For example, some of our clinical research presentations will include updated efficacy and safety data for multiple myeloma treatments and insights on different mechanisms of action, patient populations, sequencing, and combinations that could lead to new ways to treat patients.

Beyond our clinical trial research, we will present some exciting new real-world data, including one of the first presentations comparing two different medicines in the same class for the treatment of leukemia and lymphoma, as well as a retrospective study designed to help us better understand disparities across patient subpopulations in multiple myeloma. Among other presentations, we will also share a targeted, retrospective analysis examining the feasibility of social media data as real-world data in demonstrating unmet needs and the value of innovative therapy from patient and caregiver perspectives.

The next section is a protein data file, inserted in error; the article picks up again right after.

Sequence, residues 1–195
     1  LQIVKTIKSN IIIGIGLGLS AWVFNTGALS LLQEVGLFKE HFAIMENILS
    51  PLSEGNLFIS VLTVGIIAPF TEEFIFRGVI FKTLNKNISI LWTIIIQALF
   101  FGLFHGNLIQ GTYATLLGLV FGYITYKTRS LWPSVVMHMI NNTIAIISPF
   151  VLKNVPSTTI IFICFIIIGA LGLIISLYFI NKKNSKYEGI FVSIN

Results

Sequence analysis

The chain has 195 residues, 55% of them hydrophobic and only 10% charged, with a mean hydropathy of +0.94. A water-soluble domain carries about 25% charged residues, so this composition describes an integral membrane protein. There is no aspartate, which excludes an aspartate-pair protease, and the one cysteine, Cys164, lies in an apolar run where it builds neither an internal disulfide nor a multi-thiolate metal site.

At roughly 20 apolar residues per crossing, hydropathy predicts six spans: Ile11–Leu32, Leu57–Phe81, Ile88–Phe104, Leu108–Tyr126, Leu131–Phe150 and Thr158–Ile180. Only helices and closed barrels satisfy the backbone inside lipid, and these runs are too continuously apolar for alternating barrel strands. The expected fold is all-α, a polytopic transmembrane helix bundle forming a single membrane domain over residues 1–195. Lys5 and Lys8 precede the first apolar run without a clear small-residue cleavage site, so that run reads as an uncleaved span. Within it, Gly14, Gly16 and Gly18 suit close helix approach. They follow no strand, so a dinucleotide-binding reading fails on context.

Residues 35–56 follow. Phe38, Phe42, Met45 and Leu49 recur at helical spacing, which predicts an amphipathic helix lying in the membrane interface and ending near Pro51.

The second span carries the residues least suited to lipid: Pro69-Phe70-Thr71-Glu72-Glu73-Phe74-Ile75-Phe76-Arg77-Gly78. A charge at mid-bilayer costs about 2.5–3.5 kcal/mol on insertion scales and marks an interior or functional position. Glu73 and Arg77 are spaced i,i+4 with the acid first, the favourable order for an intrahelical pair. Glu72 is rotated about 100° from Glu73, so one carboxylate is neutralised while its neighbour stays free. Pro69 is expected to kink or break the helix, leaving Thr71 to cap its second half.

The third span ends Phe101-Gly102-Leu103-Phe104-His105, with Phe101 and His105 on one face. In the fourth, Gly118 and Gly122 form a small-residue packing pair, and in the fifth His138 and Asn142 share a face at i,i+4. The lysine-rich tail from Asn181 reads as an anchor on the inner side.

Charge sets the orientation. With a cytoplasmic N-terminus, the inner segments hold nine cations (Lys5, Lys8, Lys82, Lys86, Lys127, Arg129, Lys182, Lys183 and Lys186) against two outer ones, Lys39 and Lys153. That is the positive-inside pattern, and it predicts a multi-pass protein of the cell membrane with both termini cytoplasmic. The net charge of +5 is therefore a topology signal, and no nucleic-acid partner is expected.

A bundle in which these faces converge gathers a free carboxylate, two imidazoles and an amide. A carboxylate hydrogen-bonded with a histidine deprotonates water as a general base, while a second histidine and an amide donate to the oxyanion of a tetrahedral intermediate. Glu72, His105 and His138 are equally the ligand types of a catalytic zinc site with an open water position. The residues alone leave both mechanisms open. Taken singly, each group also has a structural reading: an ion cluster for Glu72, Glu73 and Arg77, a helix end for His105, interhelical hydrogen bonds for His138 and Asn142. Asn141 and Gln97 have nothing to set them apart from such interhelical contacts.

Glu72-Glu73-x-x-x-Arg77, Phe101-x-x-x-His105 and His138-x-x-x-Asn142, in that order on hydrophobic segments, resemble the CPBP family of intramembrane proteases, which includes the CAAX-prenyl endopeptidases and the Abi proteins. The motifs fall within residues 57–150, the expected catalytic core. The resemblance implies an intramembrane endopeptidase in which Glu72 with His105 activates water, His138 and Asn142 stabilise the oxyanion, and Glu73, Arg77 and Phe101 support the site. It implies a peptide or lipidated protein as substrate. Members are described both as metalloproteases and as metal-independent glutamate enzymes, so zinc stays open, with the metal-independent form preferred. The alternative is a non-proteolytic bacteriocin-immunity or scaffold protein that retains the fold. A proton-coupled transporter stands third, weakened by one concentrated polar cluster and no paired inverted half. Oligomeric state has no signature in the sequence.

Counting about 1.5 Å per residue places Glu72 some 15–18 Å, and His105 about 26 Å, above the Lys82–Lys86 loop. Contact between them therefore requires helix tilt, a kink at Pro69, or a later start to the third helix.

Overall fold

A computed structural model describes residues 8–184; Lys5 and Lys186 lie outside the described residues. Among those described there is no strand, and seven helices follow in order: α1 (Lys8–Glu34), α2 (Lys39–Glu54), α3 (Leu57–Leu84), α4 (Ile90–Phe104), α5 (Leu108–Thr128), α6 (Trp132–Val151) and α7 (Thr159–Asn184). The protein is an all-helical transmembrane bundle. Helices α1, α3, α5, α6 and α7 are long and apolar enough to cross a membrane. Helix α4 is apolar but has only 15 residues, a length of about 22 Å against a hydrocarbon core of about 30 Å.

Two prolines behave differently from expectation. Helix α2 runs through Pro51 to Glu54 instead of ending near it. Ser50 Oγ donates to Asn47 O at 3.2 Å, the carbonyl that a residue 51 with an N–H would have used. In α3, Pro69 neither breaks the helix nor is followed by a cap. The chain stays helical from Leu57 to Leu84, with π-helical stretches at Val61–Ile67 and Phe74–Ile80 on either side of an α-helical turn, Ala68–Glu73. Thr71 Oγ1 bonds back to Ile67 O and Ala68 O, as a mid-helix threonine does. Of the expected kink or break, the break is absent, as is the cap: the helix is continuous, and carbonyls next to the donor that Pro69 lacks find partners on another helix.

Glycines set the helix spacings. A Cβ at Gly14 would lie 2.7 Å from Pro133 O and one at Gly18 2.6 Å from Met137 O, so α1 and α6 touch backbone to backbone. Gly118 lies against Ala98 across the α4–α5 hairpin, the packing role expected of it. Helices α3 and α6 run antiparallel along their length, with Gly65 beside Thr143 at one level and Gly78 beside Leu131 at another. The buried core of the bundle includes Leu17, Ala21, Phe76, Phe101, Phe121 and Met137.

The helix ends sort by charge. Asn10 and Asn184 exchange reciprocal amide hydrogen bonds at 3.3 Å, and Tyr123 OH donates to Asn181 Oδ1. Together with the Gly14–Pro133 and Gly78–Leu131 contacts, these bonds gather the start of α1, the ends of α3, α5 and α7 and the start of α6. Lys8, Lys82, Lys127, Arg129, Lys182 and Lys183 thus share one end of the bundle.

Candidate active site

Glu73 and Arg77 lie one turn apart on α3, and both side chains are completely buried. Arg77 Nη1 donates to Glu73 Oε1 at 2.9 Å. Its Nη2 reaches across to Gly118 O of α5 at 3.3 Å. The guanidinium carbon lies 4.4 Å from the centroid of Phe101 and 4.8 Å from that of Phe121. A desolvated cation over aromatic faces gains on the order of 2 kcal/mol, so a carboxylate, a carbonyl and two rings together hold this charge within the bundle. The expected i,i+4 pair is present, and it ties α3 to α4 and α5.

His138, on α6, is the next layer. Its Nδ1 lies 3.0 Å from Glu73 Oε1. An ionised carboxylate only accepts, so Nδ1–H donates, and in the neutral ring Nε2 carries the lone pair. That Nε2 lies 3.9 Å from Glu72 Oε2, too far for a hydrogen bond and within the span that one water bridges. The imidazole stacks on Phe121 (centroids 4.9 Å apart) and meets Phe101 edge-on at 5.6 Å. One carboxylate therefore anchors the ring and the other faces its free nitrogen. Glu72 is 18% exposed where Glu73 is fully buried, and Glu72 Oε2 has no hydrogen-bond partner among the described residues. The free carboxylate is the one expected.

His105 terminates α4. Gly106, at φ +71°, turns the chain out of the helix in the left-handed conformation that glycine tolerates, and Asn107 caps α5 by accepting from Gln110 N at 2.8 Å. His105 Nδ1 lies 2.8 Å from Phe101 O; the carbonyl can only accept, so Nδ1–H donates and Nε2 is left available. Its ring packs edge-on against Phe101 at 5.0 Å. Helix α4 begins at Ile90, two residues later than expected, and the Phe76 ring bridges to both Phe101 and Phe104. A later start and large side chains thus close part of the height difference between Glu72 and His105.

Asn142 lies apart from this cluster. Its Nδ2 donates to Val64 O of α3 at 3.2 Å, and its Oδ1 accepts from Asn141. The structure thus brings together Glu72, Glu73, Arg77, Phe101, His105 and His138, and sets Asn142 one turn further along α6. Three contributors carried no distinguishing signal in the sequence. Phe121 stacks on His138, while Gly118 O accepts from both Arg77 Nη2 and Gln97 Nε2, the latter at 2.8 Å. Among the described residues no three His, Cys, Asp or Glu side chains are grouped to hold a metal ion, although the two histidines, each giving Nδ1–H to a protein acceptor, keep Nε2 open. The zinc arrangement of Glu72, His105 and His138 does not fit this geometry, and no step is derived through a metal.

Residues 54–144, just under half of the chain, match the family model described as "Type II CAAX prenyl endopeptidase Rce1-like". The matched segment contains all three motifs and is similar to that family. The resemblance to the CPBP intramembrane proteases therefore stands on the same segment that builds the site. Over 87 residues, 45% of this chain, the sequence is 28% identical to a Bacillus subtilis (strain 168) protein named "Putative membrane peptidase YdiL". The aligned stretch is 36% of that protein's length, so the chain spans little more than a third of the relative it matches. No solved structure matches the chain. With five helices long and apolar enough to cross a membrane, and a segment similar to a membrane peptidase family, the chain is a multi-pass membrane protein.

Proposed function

Chmielewski: As a patient advocate, I hear more and more about real-world evidence. Can you talk about how real-world evidence differs from the insights generated from clinical trials?

Khan: Good question. As you know, clinical trials collect and analyze data on patients while they are enrolled in a rigorously designed study examining the efficacy and safety of a medicine. With real-world data, we get a better perspective of how the medicine is functioning and how it is impacting the patient’s life. Real-world evidence is playing an increasingly important role in healthcare decisions, so much that the FDA recently developed guidelines and tools for its potential use in clinical practice. The FDA also recently announced a new program, the Advancing Real-World Evidence Program, to improve the quality and acceptability of real-world evidence-based approaches that can meet regulatory and post-approval study requirements. We need to have both so that the oncology community can better understand how medicines work in real-life settings common in routine clinical practice to better serve patient needs.